This photo is from very close to the mouth of the Mira River, looking upriver into the Mira Gut, which almost immediately twists to the left (southwest). I regret that this is as close as I got to the narrow passage through which the Mira empties into the ocean; neither Brickyard Road nor Hornes Road affords any views of the gut itself. This web site offers (at the bottom of the page) a photo of Mira Gut a bit further upriver.
The two cement podia one sees in the water mark the site of the railroad bridge that once connected the coal mines of the Sydney area to the port at Louisbourg (Sydney’s harbour was frequently blocked by heavy sea ice during the winter months when coal shipments were at their highest, while Louisbourg’s harbour was ice free in the winter); the Sydney & Louisburg Railway Museum in Louisbourg¹ offers exhibits that bring this formerly important railroad back to life.
I do not know what kind of tree the one at the far right is, but it appeared to be nearly white; there were others in this area that show the same very pale colouring. I assume that this is again a sign of its early foliage and that it will have turned greener later on.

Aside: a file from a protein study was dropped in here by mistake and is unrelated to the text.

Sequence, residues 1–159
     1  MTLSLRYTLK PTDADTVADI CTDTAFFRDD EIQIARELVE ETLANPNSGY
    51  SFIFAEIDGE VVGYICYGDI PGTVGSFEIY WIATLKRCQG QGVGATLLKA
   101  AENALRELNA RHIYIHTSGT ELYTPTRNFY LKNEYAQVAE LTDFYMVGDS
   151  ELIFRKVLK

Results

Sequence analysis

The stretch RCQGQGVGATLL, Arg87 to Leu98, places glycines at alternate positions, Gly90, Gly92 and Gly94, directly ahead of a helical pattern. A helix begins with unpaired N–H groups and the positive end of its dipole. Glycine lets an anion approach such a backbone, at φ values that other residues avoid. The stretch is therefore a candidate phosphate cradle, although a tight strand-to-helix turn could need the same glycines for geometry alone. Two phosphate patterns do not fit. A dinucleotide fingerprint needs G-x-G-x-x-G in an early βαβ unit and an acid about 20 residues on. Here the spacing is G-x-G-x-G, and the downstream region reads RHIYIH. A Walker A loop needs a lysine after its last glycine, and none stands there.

¹ The railway is spelt as “Louisburg”, reflecting the contemporary spelling of the village’s name. This note from the Sydney and Louisburg Railway Historical Society web site (courtesy of the Wayback Machine archive, as the original site no longer exists) explains: “The 18th-century French spelling of the community was Louisbourg. This changed in the 19th century to Louisburg and the Town was incorporated in 1901 with that spelling. Increased awareness of the historical significance of the community led to the Post Office reverting to the French spelling in the early 1950s and the Town Council following suit at about the same time. Unfortunately, the Town Hall fire of 1982, and the resulting destruction of the Minute Book for that period, means that the record of Council’s decision is lost. The name was changed officially by an act of the Nova Scotia legislature on 6 April 1966.” The local English pronunciation of both “Louisbourg” and “Louisburg” is as if they were written “Lewisburg”.↩